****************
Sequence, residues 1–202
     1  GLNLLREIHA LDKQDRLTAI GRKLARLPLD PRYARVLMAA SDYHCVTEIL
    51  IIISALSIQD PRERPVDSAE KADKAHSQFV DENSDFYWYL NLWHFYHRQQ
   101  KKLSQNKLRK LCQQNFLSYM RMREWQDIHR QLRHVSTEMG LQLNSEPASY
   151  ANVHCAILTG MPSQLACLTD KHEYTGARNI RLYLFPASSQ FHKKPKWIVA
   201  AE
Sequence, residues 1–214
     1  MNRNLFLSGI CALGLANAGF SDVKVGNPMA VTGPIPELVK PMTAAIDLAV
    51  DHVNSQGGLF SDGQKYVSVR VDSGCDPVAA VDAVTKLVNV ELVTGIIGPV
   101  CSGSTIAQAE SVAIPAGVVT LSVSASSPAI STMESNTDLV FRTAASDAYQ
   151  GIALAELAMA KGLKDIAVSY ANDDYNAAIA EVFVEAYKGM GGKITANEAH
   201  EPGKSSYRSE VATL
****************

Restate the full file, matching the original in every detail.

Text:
Sequence, residues 1–202
     1  GLNLLREIHA LDKQDRLTAI GRKLARLPLD PRYARVLMAA SDYHCVTEIL
    51  IIISALSIQD PRERPVDSAE KADKAHSQFV DENSDFYWYL NLWHFYHRQQ
   101  KKLSQNKLRK LCQQNFLSYM RMREWQDIHR QLRHVSTEMG LQLNSEPASY
   151  ANVHCAILTG MPSQLACLTD KHEYTGARNI RLYLFPASSQ FHKKPKWIVA
   201  AE
Sequence, residues 1–214
     1  MNRNLFLSGI CALGLANAGF SDVKVGNPMA VTGPIPELVK PMTAAIDLAV
    51  DHVNSQGGLF SDGQKYVSVR VDSGCDPVAA VDAVTKLVNV ELVTGIIGPV
   101  CSGSTIAQAE SVAIPAGVVT LSVSASSPAI STMESNTDLV FRTAASDAYQ
   151  GIALAELAMA KGLKDIAVSY ANDDYNAAIA EVFVEAYKGM GGKITANEAH
   201  EPGKSSYRSE VATL